Alan Titchmarsh shares ‘old gardeners’ hack: ‘Sitting your naked bottom on soil!’

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The ITV star, who returns to TV screens with Love Your Weekend, is considered a trusted voice in the world of gardening.

But some may raise an eyebrow at one of his latest tricks, which he claimed was used by “old gardeners”.

As spring draws nearer, hopeful growers are looking to plant seeds outside and inside.

For those who are looking to sow seeds outdoors, one of the biggest obstacles can be knowing if it is warm enough for plants to survive.

But Titchmarsh claimed to have stumbled across an unlikely tip for testing the soil, which he shared in a recent YouTube video for Waitrose and Partners.

He said: “The old gardeners used to do several tricks.”

The first he listed was analysing the surroundings to detect any other signs of life.

Titchmarsh said: “First of all, when weed seeds were beginning to germinate in spring.

JUST IN: Couple tell Titchmarsh how they transformed their garden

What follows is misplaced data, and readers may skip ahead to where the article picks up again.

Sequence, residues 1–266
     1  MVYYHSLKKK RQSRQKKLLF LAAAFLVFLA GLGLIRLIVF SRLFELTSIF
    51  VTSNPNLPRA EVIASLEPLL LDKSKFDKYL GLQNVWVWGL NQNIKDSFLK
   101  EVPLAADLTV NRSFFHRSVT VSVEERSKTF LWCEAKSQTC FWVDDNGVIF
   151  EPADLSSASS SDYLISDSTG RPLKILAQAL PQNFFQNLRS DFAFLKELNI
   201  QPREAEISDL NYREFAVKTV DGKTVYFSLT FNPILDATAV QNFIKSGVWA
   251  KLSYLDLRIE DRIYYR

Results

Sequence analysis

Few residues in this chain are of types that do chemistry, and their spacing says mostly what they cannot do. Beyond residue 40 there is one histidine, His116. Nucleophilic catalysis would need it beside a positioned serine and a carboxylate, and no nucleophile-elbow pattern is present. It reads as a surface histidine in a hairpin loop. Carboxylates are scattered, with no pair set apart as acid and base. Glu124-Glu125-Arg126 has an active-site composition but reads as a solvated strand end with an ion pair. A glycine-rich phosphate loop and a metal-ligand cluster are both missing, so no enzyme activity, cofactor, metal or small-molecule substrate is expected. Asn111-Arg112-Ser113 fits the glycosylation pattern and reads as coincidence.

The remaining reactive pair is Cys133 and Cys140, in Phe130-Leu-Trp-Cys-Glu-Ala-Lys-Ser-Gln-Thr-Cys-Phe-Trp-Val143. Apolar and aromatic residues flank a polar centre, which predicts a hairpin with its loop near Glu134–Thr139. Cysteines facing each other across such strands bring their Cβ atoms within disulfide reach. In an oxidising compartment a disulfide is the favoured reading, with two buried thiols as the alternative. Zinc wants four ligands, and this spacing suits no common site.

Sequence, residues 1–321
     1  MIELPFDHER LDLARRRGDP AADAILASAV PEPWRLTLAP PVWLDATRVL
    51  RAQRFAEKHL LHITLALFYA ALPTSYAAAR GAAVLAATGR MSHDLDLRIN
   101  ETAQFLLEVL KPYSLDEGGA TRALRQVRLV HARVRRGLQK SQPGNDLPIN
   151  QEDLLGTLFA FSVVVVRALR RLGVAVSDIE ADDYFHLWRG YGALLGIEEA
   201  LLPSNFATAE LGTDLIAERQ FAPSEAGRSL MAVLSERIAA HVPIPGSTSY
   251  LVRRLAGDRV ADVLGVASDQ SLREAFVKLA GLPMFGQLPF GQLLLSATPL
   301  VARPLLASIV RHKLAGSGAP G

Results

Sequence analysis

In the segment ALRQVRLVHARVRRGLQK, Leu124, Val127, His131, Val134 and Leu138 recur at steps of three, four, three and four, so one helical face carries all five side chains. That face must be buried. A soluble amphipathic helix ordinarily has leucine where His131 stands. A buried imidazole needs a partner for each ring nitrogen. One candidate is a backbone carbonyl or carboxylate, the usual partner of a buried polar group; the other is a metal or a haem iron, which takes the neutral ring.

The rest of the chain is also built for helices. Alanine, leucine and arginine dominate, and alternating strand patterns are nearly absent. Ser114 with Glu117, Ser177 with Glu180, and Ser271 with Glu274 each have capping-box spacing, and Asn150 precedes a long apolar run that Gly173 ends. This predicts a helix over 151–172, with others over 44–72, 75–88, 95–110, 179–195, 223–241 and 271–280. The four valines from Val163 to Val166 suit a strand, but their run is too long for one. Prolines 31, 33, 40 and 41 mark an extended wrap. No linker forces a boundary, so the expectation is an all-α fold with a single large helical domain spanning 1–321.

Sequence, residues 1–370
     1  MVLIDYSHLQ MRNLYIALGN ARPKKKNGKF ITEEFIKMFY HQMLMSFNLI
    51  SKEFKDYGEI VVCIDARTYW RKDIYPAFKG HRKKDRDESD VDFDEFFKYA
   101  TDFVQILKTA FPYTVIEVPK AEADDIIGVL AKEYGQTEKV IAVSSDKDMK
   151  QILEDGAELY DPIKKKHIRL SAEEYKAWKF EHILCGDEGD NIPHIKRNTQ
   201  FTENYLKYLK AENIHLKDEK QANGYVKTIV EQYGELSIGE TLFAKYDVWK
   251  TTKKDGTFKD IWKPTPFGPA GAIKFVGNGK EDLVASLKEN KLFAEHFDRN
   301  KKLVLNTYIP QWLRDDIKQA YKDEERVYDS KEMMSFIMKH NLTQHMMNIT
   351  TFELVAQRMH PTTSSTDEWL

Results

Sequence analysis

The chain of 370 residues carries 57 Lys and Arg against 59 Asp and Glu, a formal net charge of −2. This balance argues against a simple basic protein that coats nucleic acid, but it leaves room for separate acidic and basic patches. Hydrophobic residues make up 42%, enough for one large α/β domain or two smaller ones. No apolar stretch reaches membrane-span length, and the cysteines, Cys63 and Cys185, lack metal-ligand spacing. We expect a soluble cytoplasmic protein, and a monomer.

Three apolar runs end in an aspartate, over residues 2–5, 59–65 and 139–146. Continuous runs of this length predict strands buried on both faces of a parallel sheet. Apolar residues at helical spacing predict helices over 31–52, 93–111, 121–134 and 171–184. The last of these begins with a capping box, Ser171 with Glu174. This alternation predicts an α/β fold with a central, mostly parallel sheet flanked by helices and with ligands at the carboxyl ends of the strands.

Titchmarsh referred to the hack parents use for testing if bathwater is too warm or too cold for their child by sticking their elbow into the water.

Titchmarsh claimed you could take a similar approach in the gardening world.

He said: “Just see if [the soil] feels warm to your elbow.”

Titchmarsh’s last tip was a little less common and was said to have been done “quite a few years ago”.

The star didn’t cite the exact time period it came from nor the individuals who tried this third test.

Titchmarsh said: “In extreme cases and quite a few years ago.

“And I never used it.

“Is to drop your trousers and sit with your naked bottom on the soil.

“If you go ‘Oh that’s cold!’, it is too cold for seeds.”

Titchmarsh reiterated it wasn’t a gardening hack that he was keen to try out.

He said: “I think perhaps the elbow is preferable.”

The website Gardening etc claimed that Titchmarsh’s tips could be used for vegetable patches or flower beds “alike”.

Writer Teresa Conway explained: “Because any type of seed could be damaged and fail to germinate if they are planted too early in soil that is too cold.”

Gardening expert Thompson Morgan revealed that half-hardy plants could be sewn in March.

They include bare-root roses, daffodils, hyacinths and lilies.

Mr Morgan explained that there were a number of vegetables and fruits that could be germinated indoors or in a greenhouse too.

He listed sweet peppers, cucumbers, chili seeds, certain tomatoes, celery and more.

Love Your Weekend With Alan Titchmarsh airs at 10am Sunday on ITV. 





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